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I am looking at MapX and MapY coordinates. The docs say they are "truncated State Plane coordinates: NAD 1983 State Plane Louisiana South FIPS 1702 (US Feet)."

I am trying to reproject into a common lat/long like wgs-84 by using PostGIS so I need the srid for this projection.

I found the spatial reference page for the state plane coordinates http://spatialreference.org/ref/esri/102682/ -- but it does not list the SRID.

I found this page of common SRIDs -- but if I plug in the SRID the projection does not output correct lat/longs.

How can I find an authoritative SRID?

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Is it EPSG:3452? I'm not familiar with that projection, but the SRID 3452 one uses US ft. –  SaultDon Mar 30 at 0:40

2 Answers 2

up vote 2 down vote accepted

The proj definition for EPSG:102682 is

+proj=lcc +lat_1=29.3 +lat_2=30.7 +lat_0=28.5 +lon_0=-91.33333333333333 +x_0=1000000 +y_0=0 +datum=NAD83 +units=us-ft +no_defs

and for EPSG:3452 it is

+proj=lcc +lat_1=30.7 +lat_2=29.3 +lat_0=28.5 +lon_0=-91.33333333333333 +x_0=999999.9999898402 +y_0=0 +ellps=GRS80 +towgs84=0,0,0,0,0,0,0 +units=us-ft +no_defs

So lat_1 and lat_2 are swapped (which makes no difference) and x_0 is off by less than one millimeter.

I don't see any reason not to call them identical.

For official EPSG projections, the SRID in postgis is identical with the EPSG code. But 102682 is from ESRI, that's why you will not find it in the official EPSG database. PROJ/GDAL/QGIS call it EPSG:102682, but it should rather be ESRI:102682 (as spatialreference.org calls it).

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At the very bottom of that link to common SRIDs is a line with a link to the EPSG registry where you can search for more SRIDs. Putting in Louisiana South comes up with a few options, the one SaultDon mentioned (EPSG:3452) being the closest match (ie, NAD83, no HARN, and using feet).

However, the word 'truncated' gives me pause. A quick search led to this thread on surveyconnect where they debate the merits of state plane, and in it they talk about truncated being 'not true state plane' but rather essentially a custom coordinate grid. It might be they just divided off some decimal places to make for shorter numbers; or they may have applied some kind of additional correction as well. If there is no further documentation on how the coordinates were truncated, or you cannot reverse the process to get true state plane, no SRID will do you any good.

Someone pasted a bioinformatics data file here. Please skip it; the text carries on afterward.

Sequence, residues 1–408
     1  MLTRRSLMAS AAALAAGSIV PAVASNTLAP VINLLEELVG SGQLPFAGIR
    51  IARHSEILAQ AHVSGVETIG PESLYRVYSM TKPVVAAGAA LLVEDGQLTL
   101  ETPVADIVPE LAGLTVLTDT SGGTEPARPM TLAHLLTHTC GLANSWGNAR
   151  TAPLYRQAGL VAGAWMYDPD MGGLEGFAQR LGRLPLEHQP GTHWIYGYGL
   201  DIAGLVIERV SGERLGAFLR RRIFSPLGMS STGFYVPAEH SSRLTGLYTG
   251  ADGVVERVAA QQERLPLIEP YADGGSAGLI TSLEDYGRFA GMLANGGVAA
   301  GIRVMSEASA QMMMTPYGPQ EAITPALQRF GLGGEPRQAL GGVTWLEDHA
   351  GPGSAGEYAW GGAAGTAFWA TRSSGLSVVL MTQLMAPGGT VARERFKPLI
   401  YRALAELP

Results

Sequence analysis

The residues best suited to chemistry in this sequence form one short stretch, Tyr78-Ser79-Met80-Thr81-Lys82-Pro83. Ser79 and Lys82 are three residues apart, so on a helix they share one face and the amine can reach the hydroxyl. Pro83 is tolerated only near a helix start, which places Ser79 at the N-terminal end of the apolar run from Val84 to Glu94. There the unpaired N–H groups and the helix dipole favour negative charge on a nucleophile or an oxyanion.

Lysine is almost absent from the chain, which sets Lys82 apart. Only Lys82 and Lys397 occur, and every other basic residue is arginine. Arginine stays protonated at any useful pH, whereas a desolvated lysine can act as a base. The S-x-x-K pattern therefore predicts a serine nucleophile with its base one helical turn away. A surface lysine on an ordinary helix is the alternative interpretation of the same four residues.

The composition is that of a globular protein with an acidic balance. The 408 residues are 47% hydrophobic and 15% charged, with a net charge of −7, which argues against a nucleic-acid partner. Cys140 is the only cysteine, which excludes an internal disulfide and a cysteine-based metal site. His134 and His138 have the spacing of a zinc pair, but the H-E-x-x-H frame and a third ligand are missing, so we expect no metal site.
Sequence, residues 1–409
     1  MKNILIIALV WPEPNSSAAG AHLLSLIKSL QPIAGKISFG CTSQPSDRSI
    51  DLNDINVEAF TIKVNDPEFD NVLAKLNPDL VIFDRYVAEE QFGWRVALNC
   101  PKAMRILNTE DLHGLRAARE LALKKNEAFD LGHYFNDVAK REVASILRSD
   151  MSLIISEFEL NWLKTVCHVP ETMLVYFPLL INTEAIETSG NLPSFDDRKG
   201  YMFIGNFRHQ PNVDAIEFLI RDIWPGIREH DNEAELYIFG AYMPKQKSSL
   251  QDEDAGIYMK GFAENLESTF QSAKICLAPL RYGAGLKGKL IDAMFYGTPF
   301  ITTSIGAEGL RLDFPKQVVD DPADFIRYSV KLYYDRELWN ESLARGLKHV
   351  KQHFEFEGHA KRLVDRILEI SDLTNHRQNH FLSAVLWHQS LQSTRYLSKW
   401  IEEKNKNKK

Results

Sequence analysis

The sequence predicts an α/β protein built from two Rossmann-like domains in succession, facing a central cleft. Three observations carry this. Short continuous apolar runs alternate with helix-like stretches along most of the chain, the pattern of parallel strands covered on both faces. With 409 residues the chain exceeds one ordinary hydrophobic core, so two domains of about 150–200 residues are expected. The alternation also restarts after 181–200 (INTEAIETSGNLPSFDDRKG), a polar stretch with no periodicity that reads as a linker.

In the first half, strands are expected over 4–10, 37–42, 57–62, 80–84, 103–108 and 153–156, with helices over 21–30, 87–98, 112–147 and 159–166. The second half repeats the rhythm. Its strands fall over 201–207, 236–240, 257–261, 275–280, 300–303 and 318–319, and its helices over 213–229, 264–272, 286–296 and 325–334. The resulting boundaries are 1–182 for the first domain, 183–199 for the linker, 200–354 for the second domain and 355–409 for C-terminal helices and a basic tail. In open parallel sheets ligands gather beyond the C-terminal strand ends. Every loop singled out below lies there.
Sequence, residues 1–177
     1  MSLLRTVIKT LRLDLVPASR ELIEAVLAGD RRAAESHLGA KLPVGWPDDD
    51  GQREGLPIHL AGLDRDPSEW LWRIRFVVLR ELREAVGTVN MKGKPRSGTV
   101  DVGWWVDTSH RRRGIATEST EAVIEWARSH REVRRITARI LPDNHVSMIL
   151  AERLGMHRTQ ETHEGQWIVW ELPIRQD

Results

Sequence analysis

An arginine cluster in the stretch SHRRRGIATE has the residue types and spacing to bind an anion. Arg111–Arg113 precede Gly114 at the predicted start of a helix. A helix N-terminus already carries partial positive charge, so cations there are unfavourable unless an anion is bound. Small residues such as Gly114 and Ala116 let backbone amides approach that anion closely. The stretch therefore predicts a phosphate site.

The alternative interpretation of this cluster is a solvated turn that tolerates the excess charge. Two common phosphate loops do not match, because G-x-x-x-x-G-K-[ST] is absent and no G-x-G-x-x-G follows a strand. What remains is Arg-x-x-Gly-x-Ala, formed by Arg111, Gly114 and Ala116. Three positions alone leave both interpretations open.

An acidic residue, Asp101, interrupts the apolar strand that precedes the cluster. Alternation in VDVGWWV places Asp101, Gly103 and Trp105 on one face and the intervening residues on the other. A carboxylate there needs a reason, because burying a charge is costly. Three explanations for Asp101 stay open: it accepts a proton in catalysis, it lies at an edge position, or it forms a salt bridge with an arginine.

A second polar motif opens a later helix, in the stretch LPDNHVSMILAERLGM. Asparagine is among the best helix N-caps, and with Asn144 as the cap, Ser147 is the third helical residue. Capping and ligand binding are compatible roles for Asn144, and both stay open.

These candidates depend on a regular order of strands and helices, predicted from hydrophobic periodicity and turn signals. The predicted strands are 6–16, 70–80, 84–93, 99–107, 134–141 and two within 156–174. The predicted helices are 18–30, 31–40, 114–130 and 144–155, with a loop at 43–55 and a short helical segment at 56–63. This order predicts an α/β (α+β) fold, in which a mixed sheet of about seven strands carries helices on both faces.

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Yes, in addition to being in stateplane (EPSG:3452), the coordinates have probably been re-scaled in some way. If you can take a single known point in your map, and manually figure out what the lon/lat coordinates are, then project those coordinates INTO EPSG:3452, you can compare the coordinates and see if you can figure out the offset they've taken out of the coordinates. –  Paul Ramsey Mar 30 at 7:02
    
Oh, and once you've figured out the custom offset, you can create your own spatial_ref_sys entry, starting from the EPSG:3452 definition, and then altering the x_0 and y_0 parameters to correct for the custom offset. –  Paul Ramsey Mar 30 at 7:04
    
@ChrisW I don't see any mention of SRID in the ESPG registry. How do I go from ESPG to SRID? –  akh2103 Mar 30 at 14:29
    
See my extended answer. –  AndreJ Mar 30 at 18:06
    
@akh2103 Andre has already explained a little below, but essentially in that registry the 'code' column is the SRID. You might take a look at the Wikipedia entry regarding SRIDs: en.wikipedia.org/wiki/SRID It basically explains that SRIDs can be created by vendors or an authority and that, as Andre points out below, who created the number is/should be part of the designation as much as the number itself. –  Chris W Mar 30 at 18:41

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